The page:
Lizzo was seen in a series of TikTok clips on Sunday swimming with sharks in a series of clips on social media that she uploaded on Sunday amid a tropical vacation.
“I’m so scared of swimming with sharks,” the 34-year-old singer said in a video while on a boat before her final assignment.
“I finally dared to swim with sharks,” said the artist. “They only eat fish, and they don’t like people’s taste.”
The latest: Lizzo, 34, was seen in a series of TikTok clips on Sunday swimming with sharks in a series of social media clips she uploaded Sunday amid a tropical vacation.
Lizzo said she and her group also saw fish such as sting rays and puffer fish on a daytime outing.
“I played the ukulele, and then we went home—that was so much fun,” she said.
In other excerpts from her vacation clip, the singer enjoyed a beachside snack, a coconut drink, and lounging in a hammock.
The shark swimming session was the latest in a series of clips that the prodigy has shared on her TikTok account in recent days.
In other excerpts from the vacation clip, the singer enjoyed a beachside snack and a coconut drink
The Grammy Award winner enjoyed relaxing time in a hammock amidst a sea picnic
The artist, whose real name is Melissa Vivian Jefferson, brought along a ukulele while hiking
The singer appeared to be in good spirits on the clear day in the tropics
She cooled her feet in the clear water as she watched the fish swim by
The singer took to social media on Sunday where she said the concept of cancel culture has been exploited to the point of “appropriation.”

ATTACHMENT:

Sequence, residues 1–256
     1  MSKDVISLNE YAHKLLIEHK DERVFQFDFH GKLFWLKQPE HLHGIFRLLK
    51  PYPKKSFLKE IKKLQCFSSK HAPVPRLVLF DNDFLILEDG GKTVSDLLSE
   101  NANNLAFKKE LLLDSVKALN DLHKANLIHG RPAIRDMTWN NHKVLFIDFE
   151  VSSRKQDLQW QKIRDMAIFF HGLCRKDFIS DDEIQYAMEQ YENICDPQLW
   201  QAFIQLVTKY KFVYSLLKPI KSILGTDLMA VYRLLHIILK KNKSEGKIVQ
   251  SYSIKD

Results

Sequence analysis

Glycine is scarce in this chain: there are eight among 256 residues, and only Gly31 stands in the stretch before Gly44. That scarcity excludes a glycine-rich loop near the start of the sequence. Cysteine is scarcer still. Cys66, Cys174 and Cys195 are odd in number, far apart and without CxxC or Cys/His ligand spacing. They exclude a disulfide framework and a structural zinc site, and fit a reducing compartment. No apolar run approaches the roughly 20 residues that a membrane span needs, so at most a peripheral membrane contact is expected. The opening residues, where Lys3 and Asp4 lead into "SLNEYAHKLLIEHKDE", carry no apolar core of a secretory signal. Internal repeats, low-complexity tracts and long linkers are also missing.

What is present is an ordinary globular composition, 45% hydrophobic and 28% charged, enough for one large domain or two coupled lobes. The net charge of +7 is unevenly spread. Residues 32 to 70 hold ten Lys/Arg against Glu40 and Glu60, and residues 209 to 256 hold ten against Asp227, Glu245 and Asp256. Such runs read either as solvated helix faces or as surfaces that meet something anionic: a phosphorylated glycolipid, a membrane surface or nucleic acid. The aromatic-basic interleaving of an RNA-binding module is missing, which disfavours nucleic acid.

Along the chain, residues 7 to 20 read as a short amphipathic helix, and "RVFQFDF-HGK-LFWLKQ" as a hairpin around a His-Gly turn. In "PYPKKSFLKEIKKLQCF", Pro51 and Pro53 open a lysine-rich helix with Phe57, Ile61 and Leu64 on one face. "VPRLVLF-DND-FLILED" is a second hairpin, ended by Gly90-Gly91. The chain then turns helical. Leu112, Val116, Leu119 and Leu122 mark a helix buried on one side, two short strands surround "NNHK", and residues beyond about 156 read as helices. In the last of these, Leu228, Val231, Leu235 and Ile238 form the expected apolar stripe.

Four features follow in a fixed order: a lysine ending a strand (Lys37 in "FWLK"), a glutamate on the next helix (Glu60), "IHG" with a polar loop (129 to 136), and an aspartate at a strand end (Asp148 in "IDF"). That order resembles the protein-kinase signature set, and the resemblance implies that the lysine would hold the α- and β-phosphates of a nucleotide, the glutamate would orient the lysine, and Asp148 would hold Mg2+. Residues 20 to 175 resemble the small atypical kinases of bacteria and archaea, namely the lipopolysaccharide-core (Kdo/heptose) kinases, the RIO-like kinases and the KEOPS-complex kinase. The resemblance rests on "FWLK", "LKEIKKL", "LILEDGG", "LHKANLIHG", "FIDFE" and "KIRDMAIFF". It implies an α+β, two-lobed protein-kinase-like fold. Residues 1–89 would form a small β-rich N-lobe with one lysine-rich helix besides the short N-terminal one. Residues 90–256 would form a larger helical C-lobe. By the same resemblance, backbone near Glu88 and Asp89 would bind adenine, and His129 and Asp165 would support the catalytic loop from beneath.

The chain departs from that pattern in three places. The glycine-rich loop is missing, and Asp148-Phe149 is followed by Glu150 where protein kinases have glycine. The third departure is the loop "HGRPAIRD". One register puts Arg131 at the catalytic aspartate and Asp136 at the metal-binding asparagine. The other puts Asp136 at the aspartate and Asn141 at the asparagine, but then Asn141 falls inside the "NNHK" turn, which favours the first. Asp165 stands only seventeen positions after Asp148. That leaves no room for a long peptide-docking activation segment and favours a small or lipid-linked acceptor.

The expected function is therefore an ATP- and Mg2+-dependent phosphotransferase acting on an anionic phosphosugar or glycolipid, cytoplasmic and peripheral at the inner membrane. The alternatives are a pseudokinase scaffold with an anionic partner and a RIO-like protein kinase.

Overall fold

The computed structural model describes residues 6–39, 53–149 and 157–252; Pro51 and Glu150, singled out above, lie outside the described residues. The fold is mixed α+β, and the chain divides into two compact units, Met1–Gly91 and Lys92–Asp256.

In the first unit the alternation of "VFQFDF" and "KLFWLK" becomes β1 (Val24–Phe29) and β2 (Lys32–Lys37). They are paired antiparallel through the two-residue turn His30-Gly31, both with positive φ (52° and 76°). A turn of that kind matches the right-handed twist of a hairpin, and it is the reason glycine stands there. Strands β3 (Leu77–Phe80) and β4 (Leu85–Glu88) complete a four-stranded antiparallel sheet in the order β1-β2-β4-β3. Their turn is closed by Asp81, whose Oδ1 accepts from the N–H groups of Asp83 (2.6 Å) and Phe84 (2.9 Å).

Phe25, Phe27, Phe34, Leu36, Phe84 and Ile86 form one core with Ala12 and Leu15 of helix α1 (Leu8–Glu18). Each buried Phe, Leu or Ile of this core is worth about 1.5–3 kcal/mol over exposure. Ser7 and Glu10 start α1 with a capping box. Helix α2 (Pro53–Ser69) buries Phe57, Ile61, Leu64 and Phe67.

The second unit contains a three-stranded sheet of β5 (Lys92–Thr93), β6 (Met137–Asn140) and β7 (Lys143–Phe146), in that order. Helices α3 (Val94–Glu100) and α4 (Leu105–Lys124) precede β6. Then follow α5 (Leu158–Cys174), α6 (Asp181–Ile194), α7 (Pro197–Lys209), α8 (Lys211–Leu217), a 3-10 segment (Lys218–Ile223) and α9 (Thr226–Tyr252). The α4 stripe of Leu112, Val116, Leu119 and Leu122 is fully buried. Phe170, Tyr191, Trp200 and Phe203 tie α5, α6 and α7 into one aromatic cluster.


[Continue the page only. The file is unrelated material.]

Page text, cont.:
In Sunday’s tweet, she said, “This may be a random time to say this but it’s in my heart…cancellation culture is appropriation.
“There was real anger from really marginalized people and now it’s trendy and it’s misused and misdirected.”
The Grammy-winning artist, whose real name is Melissa Vivian Jefferson, said she hopes society can “phase this out and focus our anger on the real problems.”
The musical artist shared a snap of the boat she was on for a daytime outing
The Detroit native received messages from followers who were in agreement with her sentiments.
“That’s what they do,” said one user. They choose words and then bend their meanings. “Cancel culture, professional life, get up, groom” are all words they use to dilute their true meaning. It shows the bigotry at the heart of their movement. that they [don’t] care what those [meant] And they control its meaning now.
Another follower said Lizzo has a “really great experience” and is “very, very real,” with the frequent use of certain terms diluting the principle behind them.
In a tweet Sunday, the singer said the concept of cancel culture had been exploited to the point of “appropriation.” It was shot in Los Angeles last month
The Detroit native received messages from followers who were in agreement with her sentiments
Filmed last month in Los Angeles, the Grammy-winning artist said she hopes society can “phase this out and focus our anger on the real problems.”
“The power has gone out of him, and this is a real loss for the marginalized,” said the user. “excite” in mind. This is a real thing for people with trauma histories. Now it’s a joke.
On Friday, Lizzo took to TikTok to voice her opinion on what she called the “tired” discussion about dead bodies that have no resolution, and recited a list of comments she’d received about her person.
She said, “I’ve seen comments go off of, ‘Oh my God, I loved you when you were chubby, why did you lose weight?'” to “Oh my God, why did you get a BBL?” I’ve loved your body before” to “Oh my god you’re so big you need to lose weight but for your health” to “Oh my god you’re so little you need to get an a** or a t** or something” to Oh my God, why did you do all this work? It’s too much work. “
And Lizu asked her followers: Do you see the delusion? Do you realize that artists are not here to fit your beauty standards? Artists are here to make art. And this body is art.
The Truth Hurts artist said she’ll do whatever she wants “with that body,” adding that she wishes “the feedback cost you all the money so we can see how much time we’re wasting on the wrong thing.”